Dictionary-indexing of names seems like a sensible lossless size-reducing option; why would this be any less sensible to do for the arbitrary variable/function(/subroutine/label) names than for the fixed instruction and operator names? Aren't both of them necessary steps for executing the program anyway?

I said I wasn't an expert, some variants of tokenized BASIC more advanced than C64's could very well do that, but then the variable's and function's names have to be present at least once in order to retrieve the original source code exactly like it was, when running "LIST" for instance.

The point is that tokenized BASIC has a 1:1 relationship with the original sourcecode, whether a compiled bytecode does not.


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PostPosted: Tue Feb 03, 2015 10:04 pm 
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Bregalad wrote:
Sik wrote:
In most cases bytecode is basically similar to CPU instruction sets on their own, so for example you have operations like load, store, add, substract, compare, etc. BASIC usually gets tokenized instead, where the source code is stored as tokens to save space (so you have stuff like print, input, let, etc., i.e. higher level instructions). Basically just take the different parts making up a sentence and encode them into something more compact than plain text (in theory you should even be able to recover something akin to the original source code from this as well, this is exactly what the LIST command in old computers did in fact).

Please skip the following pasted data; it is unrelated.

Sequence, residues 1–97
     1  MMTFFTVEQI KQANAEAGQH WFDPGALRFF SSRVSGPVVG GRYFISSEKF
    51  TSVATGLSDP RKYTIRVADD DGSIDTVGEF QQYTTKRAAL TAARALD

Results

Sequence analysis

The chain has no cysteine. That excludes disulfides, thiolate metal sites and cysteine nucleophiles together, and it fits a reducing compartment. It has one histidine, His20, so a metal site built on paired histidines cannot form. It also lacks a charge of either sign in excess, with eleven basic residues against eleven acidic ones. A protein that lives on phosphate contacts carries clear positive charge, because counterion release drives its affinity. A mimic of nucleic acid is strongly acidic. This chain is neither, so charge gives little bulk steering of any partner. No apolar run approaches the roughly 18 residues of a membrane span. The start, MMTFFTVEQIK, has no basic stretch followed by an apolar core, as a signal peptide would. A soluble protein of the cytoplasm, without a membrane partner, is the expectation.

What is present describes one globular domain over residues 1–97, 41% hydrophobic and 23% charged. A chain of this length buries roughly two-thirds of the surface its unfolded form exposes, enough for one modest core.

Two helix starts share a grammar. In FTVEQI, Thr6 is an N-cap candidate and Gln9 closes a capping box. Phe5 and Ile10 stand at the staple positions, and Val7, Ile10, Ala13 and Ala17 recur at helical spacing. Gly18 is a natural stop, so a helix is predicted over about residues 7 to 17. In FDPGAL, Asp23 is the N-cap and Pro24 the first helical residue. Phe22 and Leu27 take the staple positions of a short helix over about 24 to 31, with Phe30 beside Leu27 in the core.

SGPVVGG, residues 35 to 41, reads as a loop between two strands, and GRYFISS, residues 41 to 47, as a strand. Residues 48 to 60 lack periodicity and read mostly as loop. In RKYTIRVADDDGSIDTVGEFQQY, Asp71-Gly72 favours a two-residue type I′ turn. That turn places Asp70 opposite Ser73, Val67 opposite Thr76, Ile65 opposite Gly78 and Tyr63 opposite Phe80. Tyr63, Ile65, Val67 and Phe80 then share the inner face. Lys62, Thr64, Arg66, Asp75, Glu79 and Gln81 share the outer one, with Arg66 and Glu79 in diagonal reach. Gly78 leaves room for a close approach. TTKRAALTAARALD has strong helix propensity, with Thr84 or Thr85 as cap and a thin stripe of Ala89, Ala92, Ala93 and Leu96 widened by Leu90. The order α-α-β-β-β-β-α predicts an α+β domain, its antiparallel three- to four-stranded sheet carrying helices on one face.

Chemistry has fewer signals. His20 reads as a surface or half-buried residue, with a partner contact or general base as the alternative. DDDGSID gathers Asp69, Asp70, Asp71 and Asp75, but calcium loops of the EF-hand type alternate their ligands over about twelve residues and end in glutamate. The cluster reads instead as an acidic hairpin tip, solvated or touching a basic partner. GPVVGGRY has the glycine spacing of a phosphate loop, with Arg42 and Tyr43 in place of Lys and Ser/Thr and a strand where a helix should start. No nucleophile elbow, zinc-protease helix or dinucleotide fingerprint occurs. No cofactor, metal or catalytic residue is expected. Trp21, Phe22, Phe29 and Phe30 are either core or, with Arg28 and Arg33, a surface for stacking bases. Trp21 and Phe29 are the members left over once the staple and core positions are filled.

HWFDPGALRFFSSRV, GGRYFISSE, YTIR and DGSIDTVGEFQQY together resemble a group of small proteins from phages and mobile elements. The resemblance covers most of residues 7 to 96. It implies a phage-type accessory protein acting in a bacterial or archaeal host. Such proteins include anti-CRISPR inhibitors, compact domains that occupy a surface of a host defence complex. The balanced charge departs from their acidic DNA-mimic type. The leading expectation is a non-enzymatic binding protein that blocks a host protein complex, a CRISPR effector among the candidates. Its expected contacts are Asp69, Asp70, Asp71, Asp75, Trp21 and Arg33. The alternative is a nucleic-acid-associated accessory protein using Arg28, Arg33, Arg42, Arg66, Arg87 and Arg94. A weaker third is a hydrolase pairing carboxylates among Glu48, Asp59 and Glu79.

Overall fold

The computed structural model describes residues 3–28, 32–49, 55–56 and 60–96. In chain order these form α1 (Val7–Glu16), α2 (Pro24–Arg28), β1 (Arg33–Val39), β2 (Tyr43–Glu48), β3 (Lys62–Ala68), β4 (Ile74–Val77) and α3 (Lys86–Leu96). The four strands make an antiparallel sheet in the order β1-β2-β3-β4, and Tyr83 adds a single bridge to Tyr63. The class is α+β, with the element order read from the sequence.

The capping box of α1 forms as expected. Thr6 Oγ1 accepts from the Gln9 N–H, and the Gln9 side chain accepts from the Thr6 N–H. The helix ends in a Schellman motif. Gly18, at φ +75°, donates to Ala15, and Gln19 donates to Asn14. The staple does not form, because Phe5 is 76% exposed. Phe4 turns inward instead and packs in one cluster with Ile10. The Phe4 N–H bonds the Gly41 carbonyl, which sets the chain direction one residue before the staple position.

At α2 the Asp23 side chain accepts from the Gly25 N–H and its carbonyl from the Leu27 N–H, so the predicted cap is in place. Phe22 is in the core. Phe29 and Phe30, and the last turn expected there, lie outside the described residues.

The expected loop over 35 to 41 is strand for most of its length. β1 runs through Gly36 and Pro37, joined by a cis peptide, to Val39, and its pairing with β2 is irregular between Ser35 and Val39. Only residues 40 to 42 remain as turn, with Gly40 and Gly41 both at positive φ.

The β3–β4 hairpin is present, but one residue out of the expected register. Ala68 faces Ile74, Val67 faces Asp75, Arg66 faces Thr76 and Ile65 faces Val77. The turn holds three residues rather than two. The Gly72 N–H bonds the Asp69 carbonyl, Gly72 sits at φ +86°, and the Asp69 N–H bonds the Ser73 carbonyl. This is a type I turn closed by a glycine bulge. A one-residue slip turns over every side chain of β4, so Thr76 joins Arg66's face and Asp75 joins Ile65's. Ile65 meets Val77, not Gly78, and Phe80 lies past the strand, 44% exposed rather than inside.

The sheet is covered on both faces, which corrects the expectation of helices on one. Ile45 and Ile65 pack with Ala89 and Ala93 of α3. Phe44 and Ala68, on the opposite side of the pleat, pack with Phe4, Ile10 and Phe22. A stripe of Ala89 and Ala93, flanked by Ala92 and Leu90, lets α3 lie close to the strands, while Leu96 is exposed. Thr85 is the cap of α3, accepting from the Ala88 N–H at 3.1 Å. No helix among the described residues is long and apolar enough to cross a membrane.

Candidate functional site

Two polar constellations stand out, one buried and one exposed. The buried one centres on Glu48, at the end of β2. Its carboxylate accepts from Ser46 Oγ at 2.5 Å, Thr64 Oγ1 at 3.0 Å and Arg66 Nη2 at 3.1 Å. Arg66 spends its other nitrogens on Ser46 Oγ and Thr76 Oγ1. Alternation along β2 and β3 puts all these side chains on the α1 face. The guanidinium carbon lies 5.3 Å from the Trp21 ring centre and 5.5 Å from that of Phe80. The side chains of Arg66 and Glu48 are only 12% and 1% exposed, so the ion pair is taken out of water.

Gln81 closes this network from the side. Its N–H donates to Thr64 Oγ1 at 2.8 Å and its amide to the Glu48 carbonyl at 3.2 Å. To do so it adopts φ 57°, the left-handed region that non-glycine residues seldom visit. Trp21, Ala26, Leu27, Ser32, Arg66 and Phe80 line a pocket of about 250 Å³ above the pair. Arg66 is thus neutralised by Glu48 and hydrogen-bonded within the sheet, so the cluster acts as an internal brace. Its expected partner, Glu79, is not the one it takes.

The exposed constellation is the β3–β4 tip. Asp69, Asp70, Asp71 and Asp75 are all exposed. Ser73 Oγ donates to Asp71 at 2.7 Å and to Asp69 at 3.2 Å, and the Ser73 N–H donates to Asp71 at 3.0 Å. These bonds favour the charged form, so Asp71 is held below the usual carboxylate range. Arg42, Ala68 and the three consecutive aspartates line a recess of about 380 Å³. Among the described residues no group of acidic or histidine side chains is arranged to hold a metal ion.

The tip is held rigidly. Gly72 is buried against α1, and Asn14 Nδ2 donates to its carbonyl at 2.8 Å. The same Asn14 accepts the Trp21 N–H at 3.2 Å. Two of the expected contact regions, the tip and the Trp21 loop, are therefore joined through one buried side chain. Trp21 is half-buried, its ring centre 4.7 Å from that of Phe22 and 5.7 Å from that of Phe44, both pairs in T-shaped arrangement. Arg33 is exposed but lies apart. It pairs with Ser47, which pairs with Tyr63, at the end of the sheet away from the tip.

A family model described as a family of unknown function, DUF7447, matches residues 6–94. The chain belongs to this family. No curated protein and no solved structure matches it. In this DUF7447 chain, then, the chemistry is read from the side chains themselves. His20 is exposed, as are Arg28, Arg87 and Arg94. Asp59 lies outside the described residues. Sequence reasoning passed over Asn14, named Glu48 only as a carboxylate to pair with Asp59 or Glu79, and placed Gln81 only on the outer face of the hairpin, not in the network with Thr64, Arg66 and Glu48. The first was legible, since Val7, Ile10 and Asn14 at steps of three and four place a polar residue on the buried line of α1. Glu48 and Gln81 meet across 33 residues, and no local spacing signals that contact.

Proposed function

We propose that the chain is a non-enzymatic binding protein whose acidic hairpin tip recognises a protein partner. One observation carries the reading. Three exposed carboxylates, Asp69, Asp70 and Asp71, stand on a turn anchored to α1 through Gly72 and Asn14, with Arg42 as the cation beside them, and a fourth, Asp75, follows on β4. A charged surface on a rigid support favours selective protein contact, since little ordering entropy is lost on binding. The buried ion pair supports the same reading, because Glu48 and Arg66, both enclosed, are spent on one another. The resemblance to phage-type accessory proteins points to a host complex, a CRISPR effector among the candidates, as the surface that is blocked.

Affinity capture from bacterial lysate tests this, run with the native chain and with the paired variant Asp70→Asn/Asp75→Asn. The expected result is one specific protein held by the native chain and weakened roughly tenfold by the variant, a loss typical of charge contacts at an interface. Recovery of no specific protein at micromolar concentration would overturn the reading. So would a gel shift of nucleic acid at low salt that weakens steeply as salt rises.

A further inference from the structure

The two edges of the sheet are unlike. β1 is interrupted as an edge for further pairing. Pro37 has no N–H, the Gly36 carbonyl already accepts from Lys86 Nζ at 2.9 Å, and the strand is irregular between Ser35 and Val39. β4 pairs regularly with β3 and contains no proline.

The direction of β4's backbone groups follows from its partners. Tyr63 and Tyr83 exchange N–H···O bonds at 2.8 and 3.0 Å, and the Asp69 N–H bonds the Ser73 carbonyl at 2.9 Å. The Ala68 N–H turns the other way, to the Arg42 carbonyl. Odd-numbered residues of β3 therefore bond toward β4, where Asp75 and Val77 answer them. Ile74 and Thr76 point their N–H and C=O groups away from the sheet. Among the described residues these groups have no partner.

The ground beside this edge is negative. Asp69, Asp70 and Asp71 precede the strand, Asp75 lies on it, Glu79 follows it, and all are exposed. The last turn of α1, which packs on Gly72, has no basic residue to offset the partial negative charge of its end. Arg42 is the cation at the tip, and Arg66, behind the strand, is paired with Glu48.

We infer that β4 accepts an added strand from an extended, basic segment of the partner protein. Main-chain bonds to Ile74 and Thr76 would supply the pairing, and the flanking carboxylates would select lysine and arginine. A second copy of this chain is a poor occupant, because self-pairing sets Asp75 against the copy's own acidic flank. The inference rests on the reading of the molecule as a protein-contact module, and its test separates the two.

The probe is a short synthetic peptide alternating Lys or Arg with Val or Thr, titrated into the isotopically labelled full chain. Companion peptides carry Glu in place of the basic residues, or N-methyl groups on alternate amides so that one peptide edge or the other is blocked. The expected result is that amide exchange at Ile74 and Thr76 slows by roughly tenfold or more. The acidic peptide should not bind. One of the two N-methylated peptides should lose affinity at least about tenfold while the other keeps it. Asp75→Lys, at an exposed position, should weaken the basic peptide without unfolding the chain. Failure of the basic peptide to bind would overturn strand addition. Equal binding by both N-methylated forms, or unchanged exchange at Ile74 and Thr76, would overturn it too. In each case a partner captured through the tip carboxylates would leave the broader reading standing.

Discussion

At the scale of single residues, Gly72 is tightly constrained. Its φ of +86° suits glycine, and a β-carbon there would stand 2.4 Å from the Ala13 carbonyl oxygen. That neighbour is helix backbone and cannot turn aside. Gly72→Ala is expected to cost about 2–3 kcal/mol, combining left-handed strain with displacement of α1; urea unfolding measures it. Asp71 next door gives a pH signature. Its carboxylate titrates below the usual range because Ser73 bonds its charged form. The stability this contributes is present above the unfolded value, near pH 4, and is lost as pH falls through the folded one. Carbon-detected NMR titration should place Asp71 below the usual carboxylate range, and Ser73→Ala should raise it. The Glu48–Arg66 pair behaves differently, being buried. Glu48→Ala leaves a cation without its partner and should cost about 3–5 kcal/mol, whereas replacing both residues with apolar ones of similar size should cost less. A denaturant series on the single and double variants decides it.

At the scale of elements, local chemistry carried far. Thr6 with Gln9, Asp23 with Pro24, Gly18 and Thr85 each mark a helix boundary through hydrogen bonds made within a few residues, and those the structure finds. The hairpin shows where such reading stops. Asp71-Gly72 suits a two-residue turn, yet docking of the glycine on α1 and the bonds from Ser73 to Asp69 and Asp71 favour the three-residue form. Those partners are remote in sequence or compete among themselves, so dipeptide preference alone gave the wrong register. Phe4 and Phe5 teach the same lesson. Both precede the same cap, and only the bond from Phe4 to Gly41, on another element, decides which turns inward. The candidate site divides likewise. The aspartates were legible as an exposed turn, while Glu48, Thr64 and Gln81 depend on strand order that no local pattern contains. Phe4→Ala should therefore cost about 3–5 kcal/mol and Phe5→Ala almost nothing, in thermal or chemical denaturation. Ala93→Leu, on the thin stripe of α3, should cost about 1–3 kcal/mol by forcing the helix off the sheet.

I think you are confusing two completely different things : Tokenized source code and bytecode. I am by no means a specialist, however tokenized source code is not bytecode ! It is just a compressed source code, where a token is replaced by a single byte, for the sole purpose of saving memory. The comments for example are still here and intact, and the variable and function names are also present in RAW format.

Bytecode on the other hand can take many different forms but in most case it will be low-level instructions, where the comments are removed and there is no plain text anymore, the comments, the variables and functions names are gone, they are replaced by addresses or offsets.

Thus a "BASIC-like bytecode" is not possible, either it is a bytecode that comes from an unknown language, or it is tokenized BASIC where all variable and function names are apparent (the comments might have been removed for the release though).

You're making the assumption the original quote didn't also use the wrong term as well (I keep saying "bytecode" to stay consistent with what has been mentioned before).